First, let me explain why I consider a toaster oven to be green. We don’t have a microwave (and no, we don’t want one), so I find that when I go to heat up leftovers for lunch I either have to throw them in a pot on the stove and watch them carefully so they don’t burn or turn on the oven to heat that one small dish. S. isn’t always patient when it comes to waiting for me to stand over the stove stirring something so I usually go the oven route and reheat our leftovers while S. and I play. Our conventional gas oven puts out quite a bit of heat, warming the air that our AC is working hard to cool in the summer. Not only that, but according to an ENERGY STAR Market & Industry Scoping Report, “a toaster oven uses about 1/3-1/2 less energy than a conventional electric oven for cooking small meals”. Even if I am just using the oven a couple times a week to reheat leftovers, I could save a bit of energy if I had a toaster oven.

Deciding that a toaster oven was a good investment and a greener option for our family was the easy part. The hard part was choosing a toaster oven to purchase. We really didn’t want something big or expensive so I started looking for a four-slice toaster oven with good reviews. There were some out there, but then I realized that a lot of toaster ovens have non-stick elements inside. I avoid all non-stick pans, so do I really want a non-stick toaster oven? To be on the safe side, I decided that no, I don’t want a non-stick toaster oven either. Non-stick typically involves Teflon and according to the Environmental Working Group website, “[t]oxic fumes from the Teflon chemical released from pots and pans at high temperatures may kill pet birds and cause people to develop flu-like symptoms (called “Teflon Flu” or, as scientists describe it, “Polymer fume fever”)”. Again, this may not be the case with a toaster oven, but why take the chance?

At first I thought I might have to settle for a more expensive, larger, six-slice toaster oven to get a non-stick toaster oven that I thought would last more than a year or two (that is how long our last one lasted), but then S. and I were admiring the Christmas decorations at Lowe’s the other day and I saw it, a four-slice toaster oven without a non-stick interior by a brand that I had read good reviews on:

It is a Waring Pro four-slice Toaster Oven; a small, simple toaster oven with no crazy digital programming. I like digital things, but sometimes they just seem like they don’t last as long as the simple knobs that you manually turn. The toaster oven costs $49.99 and since it was at Lowe’s I was able to get a gift card from my Citi Card Thank You Rewards program. Not the cheapest toaster oven out there, but definitely affordable. With the purchase of this toaster oven, the remaining money in my “green my routine” fund is $333.39 (if you don’t know what I am talking about refer to this post). Hopefully this toaster oven will last and save us some energy (and money) since I won’t have to use the conventional oven as much.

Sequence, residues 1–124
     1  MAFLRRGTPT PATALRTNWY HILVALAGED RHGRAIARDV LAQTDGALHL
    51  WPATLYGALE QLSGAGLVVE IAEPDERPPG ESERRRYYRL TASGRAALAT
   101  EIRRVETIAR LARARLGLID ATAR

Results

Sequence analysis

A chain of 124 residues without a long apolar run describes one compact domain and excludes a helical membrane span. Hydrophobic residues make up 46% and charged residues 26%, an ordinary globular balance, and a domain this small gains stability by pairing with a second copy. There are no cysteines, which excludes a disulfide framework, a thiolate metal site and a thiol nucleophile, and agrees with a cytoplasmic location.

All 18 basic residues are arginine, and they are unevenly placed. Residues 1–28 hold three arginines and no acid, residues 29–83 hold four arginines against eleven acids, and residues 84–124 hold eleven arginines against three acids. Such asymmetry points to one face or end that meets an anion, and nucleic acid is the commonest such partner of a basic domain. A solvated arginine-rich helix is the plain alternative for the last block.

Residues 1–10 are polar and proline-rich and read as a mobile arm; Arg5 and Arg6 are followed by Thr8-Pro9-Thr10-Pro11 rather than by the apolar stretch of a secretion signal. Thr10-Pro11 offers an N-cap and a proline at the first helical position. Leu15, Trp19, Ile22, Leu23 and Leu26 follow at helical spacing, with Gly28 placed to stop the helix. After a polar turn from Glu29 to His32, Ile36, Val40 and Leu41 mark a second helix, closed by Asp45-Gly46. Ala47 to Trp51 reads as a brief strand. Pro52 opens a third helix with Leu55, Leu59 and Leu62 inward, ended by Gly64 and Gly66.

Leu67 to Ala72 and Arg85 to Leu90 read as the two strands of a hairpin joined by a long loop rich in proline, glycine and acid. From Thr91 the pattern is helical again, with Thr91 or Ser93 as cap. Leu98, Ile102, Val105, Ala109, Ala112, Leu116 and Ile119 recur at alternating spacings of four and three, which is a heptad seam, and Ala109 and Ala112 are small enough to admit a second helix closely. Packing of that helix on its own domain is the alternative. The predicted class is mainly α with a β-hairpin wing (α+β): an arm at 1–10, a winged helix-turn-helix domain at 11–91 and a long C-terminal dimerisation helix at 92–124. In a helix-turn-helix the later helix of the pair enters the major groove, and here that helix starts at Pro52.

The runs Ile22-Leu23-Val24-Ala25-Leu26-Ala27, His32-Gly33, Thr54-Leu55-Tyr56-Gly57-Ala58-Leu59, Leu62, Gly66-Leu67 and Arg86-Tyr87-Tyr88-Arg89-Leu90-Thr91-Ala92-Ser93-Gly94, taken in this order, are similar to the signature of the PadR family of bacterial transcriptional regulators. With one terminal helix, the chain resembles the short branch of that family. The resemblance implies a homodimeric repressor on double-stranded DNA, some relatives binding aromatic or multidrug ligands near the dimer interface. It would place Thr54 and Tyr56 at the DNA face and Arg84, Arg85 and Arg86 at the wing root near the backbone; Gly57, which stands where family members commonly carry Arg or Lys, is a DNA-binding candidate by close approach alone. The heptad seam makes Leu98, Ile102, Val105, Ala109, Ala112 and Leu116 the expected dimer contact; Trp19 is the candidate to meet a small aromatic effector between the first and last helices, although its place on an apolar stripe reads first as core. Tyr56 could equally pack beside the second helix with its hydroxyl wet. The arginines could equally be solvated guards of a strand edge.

DIY Floor Cushion for Toddler

IMG_6840For a while now Matt and I have been working on putting together a reading corner for S. in her bedroom. My father-in-law made her a great shelf for her birthday that displays all her books so that she can see them and Matt fixed and repainted his childhood rocking chair. For my part, I made her a fun round “cushion” as we call it for her to sit on.IMG_6838

S. really likes the cushion when we sit in her room reading books (which is a regular activity for us). If she isn’t sitting on my lap then she is sitting on the cushion, putting her feet up on it, resting a book on it, or I am using the cushion for a pillow. The cushion even helped S. learn what a circle was one day when I was trying to show her how to run around in a circle; she didn’t grasp the concept until I put the cushion in the living room and had her go around and around it.IMG_6874

The idea of making a round cushion was a little intimidating for me at first; however, it wasn’t as difficult as I thought it would be. It also didn’t cost much because I had enough fabric on hand, but if you didn’t have fabric it still wouldn’t be too expensive of a project because you should be able to get by with 1.5 yards of fabric (dependent on the width of the fabric you choose and how many different fabrics you want to use). I decided to make the bottoms and sides of the cushion one color and the top a separate color, but you could make the top and bottom the same, or even use a completely different fabric for the bottom. Here is what you would need to make a cushion like the one I made:

  • One yard of the fabric you want to use for the sides and bottom of the cushion.
  • Half a yard of the fabric you want to use for the top of the cushion.
  • Two packages of piping.
  • Stuffing (I don’t know how much because I used kind of random stuffing as I will discuss later).
  • Thread (I would recommend using the same color as the piping when sewing the piping on).

I started by cutting out the top and bottom pieces. Instead of figuring out how to draw a perfect circle, I looked around the house to find something round that was approximately the size I wanted. Our pots and buckets weren’t big enough, but a dart board hanging on the garage wall turned out to be perfect! It had an approximate diameter of 18 inches. You could probably just lay your round object on the fabric and trace it, but I made a pattern using some large paper that I had.IMG_4899

After I traced the dartboard I cut out the paper and pinned it to the fabric I was going to use for the top of the cushion.IMG_4904I then cut the fabric along the edge of my pattern.IMG_4905

I repeated this with the fabric that I had chosen to use for the bottom of my cushion. When I was done I had two, approximately 18 inch diameter pieces of fabric. Next, I pinned the piping around the circumference of the two circles. The piping needs to be pinned and sewed to the right-side of the fabric (the side that will be showing when the cushion is done).IMG_5022